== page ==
I have been working my tail off for about the past month (that’s my excuse for not posting on this blog in as much time, by the way? ), working on applications for selective Booth and non-Booth classes that I plan to take in the Autumn 2016 quarter. Beyond that, I have also been tailoring my plan of attack for other application-gated classes offered in later quarters.

Highly regarded classes at Booth (based on what I’ve gathered from current student and alumni testimonies), such as Entrepreneurial Discovery with Mark Tebbe, Lab in Developing New Products and Services with Arthur Middlebrooks, and Strategy Lab with Harry Davis call for students to provide applications to those courses that include short essay responses to specific questions.

As far as the instructional/institutional motivations to include the intermediate step of applications for these courses, I suppose there are a few main reasons for this, drawing on my experience applying for Entrepreneurial Discovery:

  • Striving toward diversity of perspectives in the classroom (e.g. full-time/part-time, varying professional experience levels, different industry backgrounds, goals for after the course, etc.).
  • Ensuring that students who enroll have the ability to meet time commitments and other unique demands of the course.
  • Verifying that students possess prerequisite knowledge and competencies to be successful in the course based on prior coursework, personal interests, work experience, and other criteria.
With regard to the non-Booth courses I mentioned earlier, I have also applied to workshop classes within the Creative Writing program at the University of Chicago. As someone with limited experience in formal creative writing coursework, I applied for a Fundamentals class in addition to an intermediate Special Topics course. Adding to that application fun, businessperson that I am, I could not help but feel compelled to ensure that my writing sample would be at least peripherally relevant to the course subject and the instructor teaching. That said, I made some serious revisions to an existing piece and even wrote a new piece of flash fiction just for my applications—moves that I hope will help me make my case to be able to sign up for at least one of those classes in the fall.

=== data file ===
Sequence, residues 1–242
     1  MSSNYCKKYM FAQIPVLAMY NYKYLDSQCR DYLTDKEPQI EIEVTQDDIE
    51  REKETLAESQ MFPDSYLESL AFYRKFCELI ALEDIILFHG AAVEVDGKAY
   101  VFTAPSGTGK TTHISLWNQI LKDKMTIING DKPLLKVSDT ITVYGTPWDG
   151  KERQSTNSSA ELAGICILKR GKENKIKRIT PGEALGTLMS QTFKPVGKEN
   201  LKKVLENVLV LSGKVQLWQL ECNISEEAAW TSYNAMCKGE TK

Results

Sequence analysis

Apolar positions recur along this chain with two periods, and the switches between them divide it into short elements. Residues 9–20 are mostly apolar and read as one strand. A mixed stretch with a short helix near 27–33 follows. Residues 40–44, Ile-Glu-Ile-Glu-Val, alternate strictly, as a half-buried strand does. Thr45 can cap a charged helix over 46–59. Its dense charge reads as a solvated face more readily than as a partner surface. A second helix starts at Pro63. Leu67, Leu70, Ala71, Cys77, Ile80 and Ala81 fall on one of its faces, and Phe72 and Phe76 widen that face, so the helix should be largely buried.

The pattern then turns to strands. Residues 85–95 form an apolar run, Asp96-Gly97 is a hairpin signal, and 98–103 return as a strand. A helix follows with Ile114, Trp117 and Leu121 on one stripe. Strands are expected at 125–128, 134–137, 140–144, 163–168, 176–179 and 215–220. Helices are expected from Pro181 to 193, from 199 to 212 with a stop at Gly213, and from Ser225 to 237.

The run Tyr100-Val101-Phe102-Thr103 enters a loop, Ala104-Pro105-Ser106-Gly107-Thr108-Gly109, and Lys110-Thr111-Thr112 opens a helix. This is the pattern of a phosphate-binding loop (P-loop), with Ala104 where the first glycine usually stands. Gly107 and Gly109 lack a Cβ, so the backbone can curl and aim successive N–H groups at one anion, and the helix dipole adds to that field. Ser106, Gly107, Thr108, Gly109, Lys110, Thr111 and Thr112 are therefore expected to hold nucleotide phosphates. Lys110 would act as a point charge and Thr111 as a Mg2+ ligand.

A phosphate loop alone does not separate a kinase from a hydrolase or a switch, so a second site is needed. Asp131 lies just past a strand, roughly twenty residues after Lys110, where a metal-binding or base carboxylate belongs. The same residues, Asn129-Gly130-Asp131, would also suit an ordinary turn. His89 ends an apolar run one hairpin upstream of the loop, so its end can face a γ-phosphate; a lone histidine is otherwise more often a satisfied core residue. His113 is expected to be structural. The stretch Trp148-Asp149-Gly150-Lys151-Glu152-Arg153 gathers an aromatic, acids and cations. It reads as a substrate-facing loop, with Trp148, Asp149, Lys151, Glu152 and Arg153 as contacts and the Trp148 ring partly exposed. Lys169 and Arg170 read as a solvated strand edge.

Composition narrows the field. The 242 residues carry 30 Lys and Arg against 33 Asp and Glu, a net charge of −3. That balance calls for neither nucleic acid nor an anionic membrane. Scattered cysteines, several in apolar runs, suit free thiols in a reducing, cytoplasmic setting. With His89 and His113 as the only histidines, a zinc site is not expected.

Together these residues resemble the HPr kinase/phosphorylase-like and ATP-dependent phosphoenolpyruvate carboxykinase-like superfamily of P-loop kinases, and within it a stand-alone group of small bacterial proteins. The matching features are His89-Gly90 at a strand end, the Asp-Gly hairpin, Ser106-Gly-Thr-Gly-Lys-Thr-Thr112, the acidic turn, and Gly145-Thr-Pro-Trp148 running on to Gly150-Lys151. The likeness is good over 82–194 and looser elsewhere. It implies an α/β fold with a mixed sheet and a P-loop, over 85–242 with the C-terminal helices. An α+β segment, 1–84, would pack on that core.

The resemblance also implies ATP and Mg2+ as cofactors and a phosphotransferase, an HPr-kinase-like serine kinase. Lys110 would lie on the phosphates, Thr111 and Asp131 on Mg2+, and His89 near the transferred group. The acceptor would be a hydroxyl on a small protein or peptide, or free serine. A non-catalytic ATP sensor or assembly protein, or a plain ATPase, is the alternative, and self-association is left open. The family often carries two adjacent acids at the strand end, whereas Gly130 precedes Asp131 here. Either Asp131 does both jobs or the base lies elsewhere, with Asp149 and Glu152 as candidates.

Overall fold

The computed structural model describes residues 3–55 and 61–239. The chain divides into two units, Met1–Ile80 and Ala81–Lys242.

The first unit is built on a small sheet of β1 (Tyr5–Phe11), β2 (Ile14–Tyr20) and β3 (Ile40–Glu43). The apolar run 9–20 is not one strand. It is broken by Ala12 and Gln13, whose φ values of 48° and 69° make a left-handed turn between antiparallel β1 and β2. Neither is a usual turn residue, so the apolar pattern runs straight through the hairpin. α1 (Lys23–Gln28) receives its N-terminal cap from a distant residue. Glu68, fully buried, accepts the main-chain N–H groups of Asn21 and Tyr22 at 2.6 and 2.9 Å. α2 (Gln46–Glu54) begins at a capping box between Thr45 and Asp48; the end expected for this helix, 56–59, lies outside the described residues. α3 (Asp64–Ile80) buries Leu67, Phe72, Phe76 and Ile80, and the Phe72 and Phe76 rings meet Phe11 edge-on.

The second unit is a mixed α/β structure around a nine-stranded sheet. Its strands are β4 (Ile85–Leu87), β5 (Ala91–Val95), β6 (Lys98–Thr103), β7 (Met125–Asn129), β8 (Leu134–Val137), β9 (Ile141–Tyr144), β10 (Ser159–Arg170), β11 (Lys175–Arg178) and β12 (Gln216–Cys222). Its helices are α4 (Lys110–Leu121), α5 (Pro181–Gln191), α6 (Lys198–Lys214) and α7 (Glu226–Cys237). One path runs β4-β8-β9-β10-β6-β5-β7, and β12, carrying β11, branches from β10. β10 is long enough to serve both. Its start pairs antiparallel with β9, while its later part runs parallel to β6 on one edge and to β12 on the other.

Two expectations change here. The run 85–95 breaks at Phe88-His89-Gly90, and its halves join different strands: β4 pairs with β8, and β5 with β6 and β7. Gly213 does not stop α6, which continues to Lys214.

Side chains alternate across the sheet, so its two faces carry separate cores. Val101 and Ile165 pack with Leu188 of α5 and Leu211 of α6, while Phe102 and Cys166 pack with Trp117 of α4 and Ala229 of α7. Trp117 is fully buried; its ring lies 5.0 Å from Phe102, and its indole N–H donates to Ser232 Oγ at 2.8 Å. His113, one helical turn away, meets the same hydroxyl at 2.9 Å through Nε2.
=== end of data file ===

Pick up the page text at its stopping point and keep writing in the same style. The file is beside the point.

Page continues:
Although I am confident in my ability to be accepted into at least one of the classes I applied for, I have found myself stressing out about Plan A-to-Z for my schedule in case I don’t get into a desired section. It doesn’t help that final decisions aren’t released until very close to the start of the quarter when bidding for general admission classes has generally ended, making it harder to pivot to alternatives. Oh, well. I’ll live either way.

Now that the bulk of my application grind for the coming quarter is done, I am focusing on calming down and detaching from the whole business school thing until orientation (a.k.a. LAUNCH) in a couple of weeks. During this time, I’m also thinking about writing some new short stories and revising some old ones to help me meet my goal of becoming eligible for membership into Science Fiction and Fantasy Writers of America.

 

Until next time!

Durian

P.S. Hopefully I can be more consistent with my posting, moving forward.

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New post 09 Aug 2016, 10:01
FROM MBA Reapplicant: MIA
I have been out of the blogging game for a bit, but I promise that won't be a regular thing.  With classes and recruiting in full swing, I have had little time for anything else.  That being said, I have had the chance to blog a couple of times for the Anderson MBA Student Voice.  Check it our here!
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New post 09 Aug 2016, 10:01
FROM MBA Reapplicant: Great Article about Anderson
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Check out this awesome article about Anderson on Poets & Quants, http://poetsandquants.com/2015/01/02/uclas-anderson-school-morphs-into-a-friendly-tech-hub/.  Anderson is a great place!  Sorry for the lack of updates recently.  I promise there is a new post coming soon!
ForumBlogs - GMAT Club’s latest feature blends timely Blog entries with forum discussions. Now GMAT Club Forums incorporate all relevant information from Student, Admissions blogs, Twitter, and other sources in one place. You no longer have to check and follow dozens of blogs, just subscribe to the relevant topics and forums on GMAT club or follow the posters and you will get email notifications when something new is posted. Add your blog to the list! and be featured to over 300,000 unique monthly visitors

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FROM FINAL HOUR MBA: The Value of a Vision